This is a guest blogpost by Stuart Wells, Chief Technology Officer, FICO.
Recent research by Industry Week found that 73% of manufacturing companies recognise the potential benefits of successful supply chain optimisation (SCO) projects. The same report highlights that while manufacturers have been investing heavily in SCO projects for a long time, and continue to do so, not all of these projects achieve the return on investment they potentially could.
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Even though SCO has been around for years, manufacturing firms still struggle to implement optimisation effectively. Each organisation faces it own challenges carrying out those projects, but there are two key issues that most manufacturers share: data swamps and siloed legacy systems.
Data and integration: the key challenges
The ‘Big Data’ hype pushed firms to invest in storage tools and solutions that quickly collected as much data as possible. However, very few businesses thought ahead, and having a lot of data without a plan for how to use it does not solve any issues, or add any business value.
Manufacturing firms are also struggling to find off-the-shelf applications that fit their existing environment. Ripping and replacing all current tools and platforms is not an option, as many contain critical business data. Many manufacturers struggle with data dispersed across disconnected systems and platforms. This limits their ability to optimise business and process decisions.
Over 85% of organisations tell Gartner that they are unable to exploit Big Data for competitive advantage, while at the same time 95% of IT decision makers expect Big Data volumes and the number of data sources they use to grow further. There is a critical industry need to evolve from classic data management to an approach that leverages information and knowledge across all platforms and systems.
Shell and Honeywell: how optimisation paved the way to success
One company that has taken this productive approach and implemented a successful optimisation project is Honeywell Process Solutions. In many oil-refineries, and other companies in the continuous process industries, the production schedule is created through a surprisingly low-tech approach; humans working with spreadsheets. Manual scheduling is restricted by the analytic limitations of the human brain, which is prone to error, so Honeywell Process Solutions developed an analytics-powered optimisation tool.
The company used mathematical algorithms to analyse hundreds of variables in a short time to determine the best solution out of many thousands of possible scheduling scenarios. This has driven significant economic impact. For example, the downstream effect of scheduling demand-driven production of 100,000 barrels equates to an annual profit increase of more than £2.3 million.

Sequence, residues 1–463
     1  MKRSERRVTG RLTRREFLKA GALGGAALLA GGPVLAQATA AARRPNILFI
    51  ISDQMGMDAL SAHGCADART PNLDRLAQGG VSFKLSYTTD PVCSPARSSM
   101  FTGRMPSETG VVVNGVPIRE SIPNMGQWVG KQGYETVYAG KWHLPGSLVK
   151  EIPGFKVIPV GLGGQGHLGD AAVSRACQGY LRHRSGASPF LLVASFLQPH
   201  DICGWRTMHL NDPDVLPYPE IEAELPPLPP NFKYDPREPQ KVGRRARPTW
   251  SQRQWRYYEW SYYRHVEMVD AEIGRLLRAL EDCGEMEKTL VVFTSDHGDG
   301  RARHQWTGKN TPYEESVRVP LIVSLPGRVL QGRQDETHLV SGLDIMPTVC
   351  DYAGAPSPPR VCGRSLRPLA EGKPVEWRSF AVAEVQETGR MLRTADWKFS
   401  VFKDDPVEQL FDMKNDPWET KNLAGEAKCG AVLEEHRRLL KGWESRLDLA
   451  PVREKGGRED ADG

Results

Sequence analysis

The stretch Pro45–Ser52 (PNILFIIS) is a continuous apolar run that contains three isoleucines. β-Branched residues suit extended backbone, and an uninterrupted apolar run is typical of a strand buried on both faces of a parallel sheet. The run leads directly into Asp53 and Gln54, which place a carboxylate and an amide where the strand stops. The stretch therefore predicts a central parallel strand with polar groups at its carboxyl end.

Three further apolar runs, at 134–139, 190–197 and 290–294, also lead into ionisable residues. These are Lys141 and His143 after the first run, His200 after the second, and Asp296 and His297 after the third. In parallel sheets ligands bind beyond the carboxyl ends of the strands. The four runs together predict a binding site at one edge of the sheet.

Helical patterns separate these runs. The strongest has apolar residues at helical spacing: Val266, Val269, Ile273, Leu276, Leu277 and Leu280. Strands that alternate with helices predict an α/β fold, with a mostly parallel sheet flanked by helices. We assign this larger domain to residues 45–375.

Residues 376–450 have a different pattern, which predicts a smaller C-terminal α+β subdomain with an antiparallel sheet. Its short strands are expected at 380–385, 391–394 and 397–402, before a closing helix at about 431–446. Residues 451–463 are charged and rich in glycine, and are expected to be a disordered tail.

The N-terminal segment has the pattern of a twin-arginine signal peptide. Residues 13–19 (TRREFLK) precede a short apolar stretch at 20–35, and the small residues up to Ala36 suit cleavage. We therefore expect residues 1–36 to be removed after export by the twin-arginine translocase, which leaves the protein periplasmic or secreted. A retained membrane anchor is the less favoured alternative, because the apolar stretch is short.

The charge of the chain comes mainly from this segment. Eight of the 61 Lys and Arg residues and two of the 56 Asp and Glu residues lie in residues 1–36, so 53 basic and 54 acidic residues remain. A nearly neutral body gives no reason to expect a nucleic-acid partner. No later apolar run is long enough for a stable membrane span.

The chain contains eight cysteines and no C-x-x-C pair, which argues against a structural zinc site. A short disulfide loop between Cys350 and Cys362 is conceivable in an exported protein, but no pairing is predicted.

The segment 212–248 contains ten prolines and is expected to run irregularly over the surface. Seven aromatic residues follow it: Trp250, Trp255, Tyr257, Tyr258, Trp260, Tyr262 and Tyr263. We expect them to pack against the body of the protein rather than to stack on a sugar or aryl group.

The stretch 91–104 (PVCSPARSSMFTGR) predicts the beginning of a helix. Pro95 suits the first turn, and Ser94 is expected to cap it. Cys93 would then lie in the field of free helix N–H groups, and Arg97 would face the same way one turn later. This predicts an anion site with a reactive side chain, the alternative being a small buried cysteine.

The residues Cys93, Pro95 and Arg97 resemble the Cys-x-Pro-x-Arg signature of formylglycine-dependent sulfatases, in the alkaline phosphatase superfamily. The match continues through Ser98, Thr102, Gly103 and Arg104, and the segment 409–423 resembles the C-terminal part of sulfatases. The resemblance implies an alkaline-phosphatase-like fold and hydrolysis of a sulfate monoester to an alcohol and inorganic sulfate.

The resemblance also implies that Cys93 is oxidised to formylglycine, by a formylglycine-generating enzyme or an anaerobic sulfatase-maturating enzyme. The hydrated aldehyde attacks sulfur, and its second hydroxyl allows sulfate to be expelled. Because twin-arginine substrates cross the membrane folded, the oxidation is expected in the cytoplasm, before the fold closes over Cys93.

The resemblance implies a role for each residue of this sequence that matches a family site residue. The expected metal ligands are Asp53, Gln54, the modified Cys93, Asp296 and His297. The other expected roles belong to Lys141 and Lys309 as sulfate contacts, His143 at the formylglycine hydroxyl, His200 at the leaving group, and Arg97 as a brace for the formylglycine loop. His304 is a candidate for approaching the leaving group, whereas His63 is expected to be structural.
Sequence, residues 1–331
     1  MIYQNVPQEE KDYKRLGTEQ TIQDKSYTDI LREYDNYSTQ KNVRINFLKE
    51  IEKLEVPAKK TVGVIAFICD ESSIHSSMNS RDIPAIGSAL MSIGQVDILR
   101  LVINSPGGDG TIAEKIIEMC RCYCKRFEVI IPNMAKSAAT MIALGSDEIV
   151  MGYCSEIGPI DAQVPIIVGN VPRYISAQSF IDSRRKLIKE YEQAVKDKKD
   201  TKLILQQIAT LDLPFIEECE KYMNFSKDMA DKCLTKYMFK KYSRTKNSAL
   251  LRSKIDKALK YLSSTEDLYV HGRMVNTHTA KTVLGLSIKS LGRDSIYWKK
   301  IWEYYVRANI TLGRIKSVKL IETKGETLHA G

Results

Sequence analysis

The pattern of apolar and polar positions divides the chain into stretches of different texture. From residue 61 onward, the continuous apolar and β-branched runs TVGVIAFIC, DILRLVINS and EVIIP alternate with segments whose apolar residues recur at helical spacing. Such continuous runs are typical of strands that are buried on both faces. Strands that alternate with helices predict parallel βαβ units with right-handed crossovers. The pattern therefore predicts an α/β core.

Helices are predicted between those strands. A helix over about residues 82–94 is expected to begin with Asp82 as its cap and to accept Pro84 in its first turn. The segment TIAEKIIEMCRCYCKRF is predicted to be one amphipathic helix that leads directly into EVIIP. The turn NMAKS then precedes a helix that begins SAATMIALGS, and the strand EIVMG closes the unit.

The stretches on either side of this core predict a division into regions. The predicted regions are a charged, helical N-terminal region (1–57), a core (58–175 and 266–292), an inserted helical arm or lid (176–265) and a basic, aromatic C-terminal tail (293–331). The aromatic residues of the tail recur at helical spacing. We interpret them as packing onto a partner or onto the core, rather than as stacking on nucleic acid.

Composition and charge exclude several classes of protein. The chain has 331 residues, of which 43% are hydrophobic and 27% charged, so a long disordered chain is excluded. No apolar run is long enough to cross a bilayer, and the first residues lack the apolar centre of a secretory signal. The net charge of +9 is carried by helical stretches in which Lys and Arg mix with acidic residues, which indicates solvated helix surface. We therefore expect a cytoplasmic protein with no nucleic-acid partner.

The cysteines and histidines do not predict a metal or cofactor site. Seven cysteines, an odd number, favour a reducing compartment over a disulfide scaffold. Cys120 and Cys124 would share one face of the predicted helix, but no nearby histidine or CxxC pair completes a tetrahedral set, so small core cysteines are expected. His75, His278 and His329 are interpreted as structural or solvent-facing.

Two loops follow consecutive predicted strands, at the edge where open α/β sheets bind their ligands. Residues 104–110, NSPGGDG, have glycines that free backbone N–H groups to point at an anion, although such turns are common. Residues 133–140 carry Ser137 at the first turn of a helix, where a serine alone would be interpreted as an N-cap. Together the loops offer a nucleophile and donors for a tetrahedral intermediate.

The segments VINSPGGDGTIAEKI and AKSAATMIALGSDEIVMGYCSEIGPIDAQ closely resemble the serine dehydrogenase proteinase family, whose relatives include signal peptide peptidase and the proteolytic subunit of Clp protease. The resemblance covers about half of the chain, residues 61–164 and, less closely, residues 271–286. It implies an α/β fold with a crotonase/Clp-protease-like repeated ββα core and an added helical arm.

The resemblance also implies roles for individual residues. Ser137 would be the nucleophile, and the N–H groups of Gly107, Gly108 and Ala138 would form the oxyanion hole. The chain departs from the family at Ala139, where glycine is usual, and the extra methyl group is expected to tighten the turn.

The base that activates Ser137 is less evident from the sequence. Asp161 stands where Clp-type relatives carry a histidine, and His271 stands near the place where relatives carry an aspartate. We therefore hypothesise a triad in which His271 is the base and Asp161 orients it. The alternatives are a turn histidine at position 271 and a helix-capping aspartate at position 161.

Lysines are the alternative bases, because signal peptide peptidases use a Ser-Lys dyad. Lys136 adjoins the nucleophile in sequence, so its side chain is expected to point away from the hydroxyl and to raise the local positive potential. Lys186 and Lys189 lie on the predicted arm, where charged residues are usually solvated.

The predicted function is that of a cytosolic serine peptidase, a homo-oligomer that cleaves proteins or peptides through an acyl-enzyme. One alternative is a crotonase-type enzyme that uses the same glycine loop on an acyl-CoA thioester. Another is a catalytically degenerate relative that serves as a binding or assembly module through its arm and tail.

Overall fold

Optimisation is not only useful in production scheduling. Shell, a global group of energy and petrochemicals companies, deployed powerful optimisation tools to improve asset utilisation and maintenance requirements of the chemical plants while improving plant stability and profitability. Shell has nearly 600 advanced-process control applications around the globe, with each processing plant using its own set to run plant operations. It needed a solution that would provide plant-wide control, and help maximise the economic operating benefits for each plant.
For Shell, it was all about making the plants as safe as possible. The team at Shell deployed a platform that runs calculations in real-time by balancing numerous constraints and objectives. After the system calculates the best actions, the onsite team interacts with a visual tool that gives them the control and flexibility to explore trade-offs and make the best possible decisions for the plant. The tool provides recommended actions for every situation, as well as the optimal values for flows and temperatures, which keeps the plant and its crew safe.
Innovate to stay in the game
Manufacturers who use data and analytics in innovative ways will be ahead of their competitors, according to the Centre for Data Innovation. The application of analytics can help many business areas gain significant advantage, in particular when it is used for optimisation as analytic models help organisations to reduce inefficiencies.
Optimisation can help to enhance your workforce and line scheduling, better mix products to meet quality standards, improve production planning, enhance truck loading, optimise production across plants, and rebalance inventory. Like Honeywell and Shell, it is important that manufacturers embrace advances in technology and innovate if they are to thrive in the data-driven marketplace.